As you fill out your election ballot this fall, you’ll likely notice several judicial retention races that you need to weigh in on.
Who are these judges? Who elected them anyway? Why do we vote to retain (or not retain) them?
These are all questions that voters ask us almost every election, and we have answers! Here’s what you need to know about judicial retention races on the November ballot.
What Are Judicial Retention Races?
In Florida, justices on the State Supreme Court and judges on the District Courts of Appeal are appointed by the governor from a list compiled by a Judicial Nominating Commission. They must be residents of the state and admitted to the Florida Bar for at least the past 10 years.
After appointment, they serve at least one year and are then placed on the next general election ballot for merit retention or dismissal, in a nonpartisan manner. This allows voters to decide if they should remain on the bench or not.
If retained, they serve for six years and are then placed on the ballot again. They are remain on the bench (barring dismissal by the voters) until they reach retirement age of 70.
Judicial Retention Race for Florida Supreme Court Justice
The Florida Supreme Court is responsible for deciding all appeals from Florida District Courts of Appeal, disagreements between District Courts and all death penalty appeals.
Additionally, the Supreme Court oversees administration of the entire Florida court system. There are seven justices on the Florida Supreme Court. Terms last for 6 years.
Only one Supreme Court justice is on the 2018 ballot: Judge Alan Lawson.
The Judicial Code of Conduct does not allow a justice to express a political affiliation or to say how they will decide any future case. However, you may see how they have voted in prior specific cases on the Opinions page of the Supreme Court website.
Judicial Retention Race for the District Courts of Appeal
Florida’s District Courts of Appeal are responsible for providing a review of decisions by county and circuit courts by a multi-judge panel. This ensures that there have been no errors in decisions and that all rights and liberties are protected.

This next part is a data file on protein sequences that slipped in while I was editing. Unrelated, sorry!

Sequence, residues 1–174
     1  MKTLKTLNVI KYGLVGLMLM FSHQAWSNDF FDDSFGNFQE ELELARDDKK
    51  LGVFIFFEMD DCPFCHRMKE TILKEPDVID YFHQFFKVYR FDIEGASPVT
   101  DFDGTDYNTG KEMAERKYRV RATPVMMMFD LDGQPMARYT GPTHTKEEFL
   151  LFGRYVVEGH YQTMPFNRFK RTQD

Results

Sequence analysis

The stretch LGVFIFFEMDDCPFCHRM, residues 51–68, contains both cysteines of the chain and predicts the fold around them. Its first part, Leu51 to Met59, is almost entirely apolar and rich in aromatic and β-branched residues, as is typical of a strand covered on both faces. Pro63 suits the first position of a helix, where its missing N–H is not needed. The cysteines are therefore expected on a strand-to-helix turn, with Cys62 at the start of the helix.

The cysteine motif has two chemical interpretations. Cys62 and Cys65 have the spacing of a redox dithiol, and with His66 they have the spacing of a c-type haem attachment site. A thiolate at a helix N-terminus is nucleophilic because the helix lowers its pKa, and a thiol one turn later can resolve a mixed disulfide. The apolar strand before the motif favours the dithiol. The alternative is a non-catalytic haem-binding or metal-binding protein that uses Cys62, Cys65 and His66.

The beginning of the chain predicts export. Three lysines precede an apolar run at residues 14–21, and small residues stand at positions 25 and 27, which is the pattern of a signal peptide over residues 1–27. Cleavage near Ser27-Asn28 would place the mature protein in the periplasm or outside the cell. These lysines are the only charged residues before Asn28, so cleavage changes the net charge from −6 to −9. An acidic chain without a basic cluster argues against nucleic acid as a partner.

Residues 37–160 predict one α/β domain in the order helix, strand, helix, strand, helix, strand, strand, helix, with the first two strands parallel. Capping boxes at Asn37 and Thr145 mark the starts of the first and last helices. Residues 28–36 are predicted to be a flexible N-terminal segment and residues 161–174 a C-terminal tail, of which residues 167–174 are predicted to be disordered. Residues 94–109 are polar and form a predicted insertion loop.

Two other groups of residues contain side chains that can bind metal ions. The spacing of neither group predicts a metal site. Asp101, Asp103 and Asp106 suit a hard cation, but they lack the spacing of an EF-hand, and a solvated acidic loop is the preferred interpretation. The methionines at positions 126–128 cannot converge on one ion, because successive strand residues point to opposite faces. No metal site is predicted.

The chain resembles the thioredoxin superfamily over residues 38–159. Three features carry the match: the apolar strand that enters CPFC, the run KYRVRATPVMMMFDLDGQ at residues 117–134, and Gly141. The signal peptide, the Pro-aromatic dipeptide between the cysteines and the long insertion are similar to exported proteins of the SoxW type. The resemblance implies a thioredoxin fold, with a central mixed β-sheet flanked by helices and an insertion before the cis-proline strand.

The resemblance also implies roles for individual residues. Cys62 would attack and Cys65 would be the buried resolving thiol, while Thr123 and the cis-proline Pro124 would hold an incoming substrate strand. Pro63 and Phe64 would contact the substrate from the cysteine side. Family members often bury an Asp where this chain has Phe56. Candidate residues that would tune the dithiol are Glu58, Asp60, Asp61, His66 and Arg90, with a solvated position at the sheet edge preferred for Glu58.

Florida has five districts, each with from 10 to 16 judges. Pinellas County is located in the Second District, which is headquartered in Lakeland, Florida.
Four judges on the Second District Court of of Appeals are up for a retention vote this year. Those judges are: Anthony K. Black, Darryl C. Casanueva, Edward C. LaRose, Susan H. Rothstein-Youakim.
As with Supreme Court justices, these judges may not express a political affiliation or opinions on cases that may come before them.
Who Decides Whether Justices Are Put Up for Retention?
The Florida Bar Association polls its members to rate judges and justices who are up for retention every two years. This poll is supervised by the Constitutional Judiciary Committee of the Florida Bar.
This allows a group of people who are aware of how a judge functions in the court system to offer an opinion on their competence. You can see the results of this poll on the Florida Bar’s website.
You can also learn more about the judicial retention races by checking out the Florida Bar Voter Guide.
Answer Your Voting Questions Before You Head to the Polls
You don’t have to be a legal expert to understand your ballot! We can help you understand who you are voting for, the issues they stand on, and why they are on the ballot.
If you have any more questions, reach out to the League of Women Voters of the St. Petersburg Area or North Pinellas County or check out our Voter Guide for accurate, non-partisan information that prepares you to vote!
Amelia Tait-Kamradt is a retired microbiologist who has recently moved to St. Petersburg and is educating herself in our community.